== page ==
Sunday, February 7, 2016

NY TIMES: Knoedler Gallery Director Settles Lawsuit Over Fake Rothko

FEB. 7, 2016

Ann Freedman, long a leading New York gallerist, and a couple who accused her in a federal lawsuit of fraudulently selling them a fake Rothko painting for $8.3 million settled their lawsuit on Sunday.

Terms of the settlement were not disclosed, but the agreement was confirmed by lawyers for Ms. Freedman and for the collectors, Domenico and Eleanore De Sole.

The De Soles, who filed their case in 2012, had been seeking $25 million from Ms. Freedman and Knoedler & Co., the gallery where she had served as president and which closed in 2011, just ahead of several similar lawsuits from unsuspecting collectors who had bought fakes.

The case against Ms. Freedman, whose testimony had long been anticipated, is expected to be dismissed in Federal District Court in Manhattan on Monday, said Luke Nikas, a lawyer for Ms. Freedman. But the case against Knoedler, now entering its third week, would continue.
Forensic accountant Roger Siefert gave testimony on the profits Knoedler received from the sales of the Rosales Collection. 
The settlement follows damaging testimony about how much Knoedler and Ms. Freedman earned from the sale of more than 30 fakes that were said to be by Abstract Expressionist masters but were actually painted by an all but unknown Chinese artist in the garage of his Queens home.
James Martin, a forensic conservator, explained to the jury how he tested the painting and found it to be a fake.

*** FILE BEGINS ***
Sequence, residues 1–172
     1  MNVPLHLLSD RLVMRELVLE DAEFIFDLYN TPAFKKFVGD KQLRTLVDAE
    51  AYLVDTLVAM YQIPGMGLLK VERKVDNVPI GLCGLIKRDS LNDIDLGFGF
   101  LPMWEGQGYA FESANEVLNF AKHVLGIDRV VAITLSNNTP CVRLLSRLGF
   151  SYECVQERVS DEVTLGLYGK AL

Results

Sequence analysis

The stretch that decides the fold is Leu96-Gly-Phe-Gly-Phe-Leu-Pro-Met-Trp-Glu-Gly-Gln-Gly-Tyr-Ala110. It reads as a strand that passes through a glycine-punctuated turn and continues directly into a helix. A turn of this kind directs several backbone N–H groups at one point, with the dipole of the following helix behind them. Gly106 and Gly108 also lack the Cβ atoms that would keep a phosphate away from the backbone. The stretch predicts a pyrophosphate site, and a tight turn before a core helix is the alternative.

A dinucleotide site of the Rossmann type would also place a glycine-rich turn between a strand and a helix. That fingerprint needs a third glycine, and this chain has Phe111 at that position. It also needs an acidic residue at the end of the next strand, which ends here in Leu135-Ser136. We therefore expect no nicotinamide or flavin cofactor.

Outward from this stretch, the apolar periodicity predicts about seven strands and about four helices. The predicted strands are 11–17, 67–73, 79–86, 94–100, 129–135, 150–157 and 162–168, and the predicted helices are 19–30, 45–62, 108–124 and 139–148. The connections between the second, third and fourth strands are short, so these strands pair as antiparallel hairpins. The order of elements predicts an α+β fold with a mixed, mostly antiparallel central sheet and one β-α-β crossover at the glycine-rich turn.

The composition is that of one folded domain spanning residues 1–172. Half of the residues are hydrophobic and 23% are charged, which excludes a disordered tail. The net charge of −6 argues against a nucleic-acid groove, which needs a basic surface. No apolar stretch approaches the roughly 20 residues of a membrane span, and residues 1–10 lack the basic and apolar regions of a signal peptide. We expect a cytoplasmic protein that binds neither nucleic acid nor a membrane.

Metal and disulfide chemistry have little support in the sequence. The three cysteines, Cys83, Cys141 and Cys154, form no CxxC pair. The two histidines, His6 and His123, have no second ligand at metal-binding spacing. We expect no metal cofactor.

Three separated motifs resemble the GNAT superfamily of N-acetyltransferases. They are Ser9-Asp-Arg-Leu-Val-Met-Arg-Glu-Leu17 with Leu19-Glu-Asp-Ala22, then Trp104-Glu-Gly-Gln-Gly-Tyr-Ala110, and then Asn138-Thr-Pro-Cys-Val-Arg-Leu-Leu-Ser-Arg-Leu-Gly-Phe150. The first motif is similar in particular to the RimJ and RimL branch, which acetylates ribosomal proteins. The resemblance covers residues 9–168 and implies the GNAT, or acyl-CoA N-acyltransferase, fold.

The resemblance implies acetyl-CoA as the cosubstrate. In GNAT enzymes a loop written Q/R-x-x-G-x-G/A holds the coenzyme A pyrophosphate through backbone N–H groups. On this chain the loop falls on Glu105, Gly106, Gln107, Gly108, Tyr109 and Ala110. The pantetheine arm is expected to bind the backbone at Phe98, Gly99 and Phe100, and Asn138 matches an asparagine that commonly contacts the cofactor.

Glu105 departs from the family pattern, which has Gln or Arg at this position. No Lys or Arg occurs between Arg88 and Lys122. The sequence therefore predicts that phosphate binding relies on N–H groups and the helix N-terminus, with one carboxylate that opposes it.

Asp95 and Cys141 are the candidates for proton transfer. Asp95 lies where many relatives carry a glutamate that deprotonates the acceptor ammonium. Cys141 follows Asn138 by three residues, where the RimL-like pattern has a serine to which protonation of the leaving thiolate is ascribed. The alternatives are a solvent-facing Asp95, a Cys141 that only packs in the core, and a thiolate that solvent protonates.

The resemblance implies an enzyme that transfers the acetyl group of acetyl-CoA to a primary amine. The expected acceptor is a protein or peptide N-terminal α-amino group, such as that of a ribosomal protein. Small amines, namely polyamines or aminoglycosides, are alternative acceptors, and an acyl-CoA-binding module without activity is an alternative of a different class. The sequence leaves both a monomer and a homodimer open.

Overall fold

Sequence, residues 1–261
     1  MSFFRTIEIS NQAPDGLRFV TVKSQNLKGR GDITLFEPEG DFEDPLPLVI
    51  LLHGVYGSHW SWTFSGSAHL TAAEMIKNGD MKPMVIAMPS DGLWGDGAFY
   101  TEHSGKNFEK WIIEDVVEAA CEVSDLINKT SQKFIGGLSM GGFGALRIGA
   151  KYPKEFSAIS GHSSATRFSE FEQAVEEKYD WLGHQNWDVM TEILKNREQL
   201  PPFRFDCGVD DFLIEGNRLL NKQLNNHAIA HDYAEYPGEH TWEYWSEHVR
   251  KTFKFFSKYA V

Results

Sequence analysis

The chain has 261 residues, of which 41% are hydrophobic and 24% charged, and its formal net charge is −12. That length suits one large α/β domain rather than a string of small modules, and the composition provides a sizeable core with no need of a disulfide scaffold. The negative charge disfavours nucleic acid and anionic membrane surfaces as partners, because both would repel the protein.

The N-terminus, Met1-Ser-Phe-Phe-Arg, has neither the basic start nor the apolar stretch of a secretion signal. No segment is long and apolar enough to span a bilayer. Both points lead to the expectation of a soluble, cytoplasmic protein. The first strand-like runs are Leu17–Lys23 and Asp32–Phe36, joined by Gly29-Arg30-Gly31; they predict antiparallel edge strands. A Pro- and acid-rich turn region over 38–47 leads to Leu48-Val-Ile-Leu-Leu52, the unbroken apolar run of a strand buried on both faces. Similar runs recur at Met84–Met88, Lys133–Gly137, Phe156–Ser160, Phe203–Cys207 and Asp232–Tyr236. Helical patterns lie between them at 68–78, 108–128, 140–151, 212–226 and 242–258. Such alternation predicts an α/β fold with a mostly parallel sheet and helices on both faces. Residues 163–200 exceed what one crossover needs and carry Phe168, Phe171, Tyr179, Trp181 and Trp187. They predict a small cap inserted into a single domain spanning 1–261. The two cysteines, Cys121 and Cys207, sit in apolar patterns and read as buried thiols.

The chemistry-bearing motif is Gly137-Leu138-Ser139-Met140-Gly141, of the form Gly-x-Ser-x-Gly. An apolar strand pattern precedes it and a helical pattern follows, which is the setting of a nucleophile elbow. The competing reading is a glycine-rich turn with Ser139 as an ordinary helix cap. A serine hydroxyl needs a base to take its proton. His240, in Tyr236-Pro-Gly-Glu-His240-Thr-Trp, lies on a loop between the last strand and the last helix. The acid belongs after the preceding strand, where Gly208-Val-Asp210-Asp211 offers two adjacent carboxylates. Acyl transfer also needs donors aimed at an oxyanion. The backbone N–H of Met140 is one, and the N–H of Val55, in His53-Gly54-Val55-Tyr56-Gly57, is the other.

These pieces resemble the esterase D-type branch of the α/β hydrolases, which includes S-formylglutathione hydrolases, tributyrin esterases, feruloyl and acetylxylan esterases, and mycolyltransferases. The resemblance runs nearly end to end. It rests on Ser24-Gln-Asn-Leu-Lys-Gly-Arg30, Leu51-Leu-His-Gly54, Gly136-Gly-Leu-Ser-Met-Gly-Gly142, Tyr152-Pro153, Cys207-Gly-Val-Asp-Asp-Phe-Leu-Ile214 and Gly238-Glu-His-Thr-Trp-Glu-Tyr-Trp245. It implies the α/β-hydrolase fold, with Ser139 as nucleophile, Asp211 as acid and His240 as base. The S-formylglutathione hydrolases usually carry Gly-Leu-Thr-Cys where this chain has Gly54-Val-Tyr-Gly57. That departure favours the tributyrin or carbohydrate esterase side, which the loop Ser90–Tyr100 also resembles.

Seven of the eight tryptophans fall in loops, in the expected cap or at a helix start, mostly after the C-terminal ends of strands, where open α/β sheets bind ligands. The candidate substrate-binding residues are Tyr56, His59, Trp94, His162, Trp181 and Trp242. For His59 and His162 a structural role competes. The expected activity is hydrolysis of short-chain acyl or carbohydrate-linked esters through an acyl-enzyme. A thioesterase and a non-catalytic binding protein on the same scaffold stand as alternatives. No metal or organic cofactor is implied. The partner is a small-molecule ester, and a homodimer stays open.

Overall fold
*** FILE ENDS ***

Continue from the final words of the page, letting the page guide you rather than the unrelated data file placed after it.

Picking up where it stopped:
Ms. Freedman and the gallery have said they, too, were fooled by the paintings, which were all provided by Glafira Rosales, a Long Island art dealer, who has pleaded guilty to criminal charges in connection with the case.
Among the mysteries of the case has been how readily the art market embraced works that had no documented provenance. At least two of the Rosales works ended up hanging in a major museum before their inauthenticity was discovered.
Lawyers for the De Soles elicited testimony from a series of art experts who said that they had never authenticated the Rosales works that Ms. Freedman appeared to present them as endorsing.

Art expert David Anfam questioned by Gregory Clarick.

One, David Anfam, volunteered to send a “a not long, yet highly persuasive email” to a museum in Buffalo after Ms. Freedman wrote to him about the possibility of that institution acquiring a Barnett Newman painting that turned out to be among the fakes.
Still, Mr. Anfam and Christopher Rothko, the artist’s son, testified that they had never given Ms. Freedman permission to include their names on a list of “individuals with special expertise on the work of Mark Rothko” who had viewed the painting that the De Soles bought.

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